[ Tuesday, July 28, 2015 ]


Bleg (blog-based beg): If you like the blog, go here and nominate it for the niche/specialty category.

Jeff [11:43 AM]

[ Monday, July 27, 2015 ]


Georgia CCSP Breach: A state senior services organization suffered a data breach, apparently when an email was sent, that included diagnosis data for about 3,000 people. Apparently no social security numbers of other ID-theft type of data was included in the breach.

Jeff [11:10 AM]

[ Tuesday, July 21, 2015 ]


Cell Phones in the OR: I saw the headline for this article in the Atlantic, but when I read it I saw it wasn't focused on what I perceive to be the bigger problem.  The Atlantic is looking at the "don't text and drive" aspects, while my usual concern with texting has to do with security and medical record issues, so I didn't link to it.  But then I got my afternoon email from FierceHealthIT, and sure enough they highlighted the data privacy and security issues OR texting raises.

In my experience, if you call a surgeon's cell phone during normal "operating" hours, you're as likely as not to get someone (a scrub nurse or tech, usually) answering the phone with the phrase, "Dr. _______'s phone."  And if everyone's dropped their phones in the same location and a phone goes off with a text, someone's going to pick up each phone to see who got the text.  AND, unless you're using secure texting software, the nurse or tech is likely to read PHI that he or she shouldn't have access to.  You can see the problem there -- So think before you text, especially in the OR.

Jeff [1:12 PM]


So Many Breaches, But So Few Lawsuits: Wonder why?  It's mainly because a plaintiff in a lawsuit generally must show how he/she has been damaged, and to be honest, most data breaches don't cause calculable damages.  And courts tend to throw out cases where the damages are purely speculative, as in these Illinois cases. Sometimes identity theft occurs and you can prove it.  Sometimes, as in the Walgreens case, actual pain and suffering can be proven.  But if the breach merely causes the plaintiff to be at greater risk of identity theft and nothing more, that's going to be a hard case for a plaintiff to win.  

Jeff [10:42 AM]

[ Monday, July 20, 2015 ]


More on the UCLA data breach here.

Jeff [4:06 PM]


Using HIPAA as an Excuse: Interesting article in the NYTimes on misunderstanding HIPAA.  Just wish they wouldn't spell it "Hipaa."  It's an acronym; use all caps.

Jeff [4:03 PM]

[ Friday, July 17, 2015 ]


UCLA: Hack may have exposed data of 4.5 million people.

Jeff [1:53 PM]

[ Thursday, July 16, 2015 ]


Good News, HIPAA's designed to do just that:  John Halamka (primary draftsman of the original HIPAA regulations Beth Israel Deaconess CIO) and Deven McGraw (current OCR Deputy Director for Health Information Privacy) have jointly penned a commentary at AHRQ warning against overly-zealous PHI protection that prevents proper data transfers (to other providers and caregivers) or jeopardizes care (when data protection efforts prevent legitimate patient identification or cause mis-identification).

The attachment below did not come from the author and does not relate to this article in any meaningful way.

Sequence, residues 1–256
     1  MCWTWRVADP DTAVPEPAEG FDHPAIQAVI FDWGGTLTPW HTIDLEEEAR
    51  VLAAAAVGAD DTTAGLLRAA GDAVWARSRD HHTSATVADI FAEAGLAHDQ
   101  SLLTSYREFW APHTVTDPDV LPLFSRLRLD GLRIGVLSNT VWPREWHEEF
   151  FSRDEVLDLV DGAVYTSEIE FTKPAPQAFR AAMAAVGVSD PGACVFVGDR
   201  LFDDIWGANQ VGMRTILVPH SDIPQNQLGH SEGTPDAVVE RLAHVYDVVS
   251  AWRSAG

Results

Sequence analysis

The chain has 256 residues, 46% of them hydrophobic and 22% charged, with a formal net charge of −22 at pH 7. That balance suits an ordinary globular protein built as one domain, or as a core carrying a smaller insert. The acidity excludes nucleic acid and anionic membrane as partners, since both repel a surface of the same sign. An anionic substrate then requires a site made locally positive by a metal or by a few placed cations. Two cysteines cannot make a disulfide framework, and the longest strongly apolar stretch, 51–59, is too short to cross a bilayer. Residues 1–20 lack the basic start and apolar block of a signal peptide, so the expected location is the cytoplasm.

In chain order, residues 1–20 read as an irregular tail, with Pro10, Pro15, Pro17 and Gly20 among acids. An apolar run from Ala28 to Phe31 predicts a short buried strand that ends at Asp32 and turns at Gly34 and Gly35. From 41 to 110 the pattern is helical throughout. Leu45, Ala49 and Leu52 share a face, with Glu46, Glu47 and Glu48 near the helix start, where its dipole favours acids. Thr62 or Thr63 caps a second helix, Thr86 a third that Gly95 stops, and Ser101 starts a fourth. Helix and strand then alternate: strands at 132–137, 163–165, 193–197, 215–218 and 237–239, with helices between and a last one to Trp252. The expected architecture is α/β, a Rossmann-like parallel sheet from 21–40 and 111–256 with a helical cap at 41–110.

Covered Entities sometimes hide behind HIPAA and refuse to share data when it can be and should be shared.  Sometimes there's an underlying commercial reason to resist data sharing; the current issue of EHR non-interoperability is a good example of that.  Sometimes it's well-intentioned overzealousness.  Most of those incidents involve someone misconstruing HIPAA's restrictions, and it's led some critics to say that HIPAA needs to "keep up with the times."

As John and Deven point out, though, "HIPAA's framework may need to flex and bend to meet the needs of a new health data ecosystem."  The good news is that HIPAA's original and current framework do just that.  What's reasonable and appropriate, what's the minimum necessary amount of PHI, what technology is safe and appropriate, and what safegaurds are reasonable all change with the circumstances, including changing technological capabilities, risks, protections, and options.

HIPAA's technological neutrality, scalability, and reasonableness standards ensure that it's always up to date.  Be safe, keep your data secure, and err on the side of protecting data, but don't harm your patients or hinder the delivery of healthcare to them.  If you think you can't share data, double check that impulse, particularly if there might be an ulterior motive for refusing to share the data.

UPDATE: I brainfarted and conflated John Halamka with John Parmagiani.  Fixed above; in the words of my former governor, Oops.

Jeff [2:47 PM]

[ Monday, July 13, 2015 ]


St. Elizabeth (Brighton, MA) breach: Not having policies and procedures, not vetting internet-based document storage apps (e.g., Dropbox), and losing laptops and flash drives can cost you a quarter million dollars. At least that's what it cost St. Elizabeth Medical Center.

What's interesting to note in the settlement agreement is that it was not simply using Dropbox (or whatever app they were using) that resulted in the violation, it was that they didn't do a risk analysis on whether they should use it.  I suspect that if they had done a risk analysis and reasonably determined that using Dropbox was safe (maybe the data was mostly de-identified, maybe the Dropbox access was tightly controlled and audited, maybe some other safeguards made is palatable), OCR wouldn't have fined them, or at least not this much.

Failing to have done a risk analysis on using Dropbox might also indicate that SEMC didn't do other risk analyses; at any rate, not doing one on the Dropbox use eliminates their ability to claim that it was safe regardless.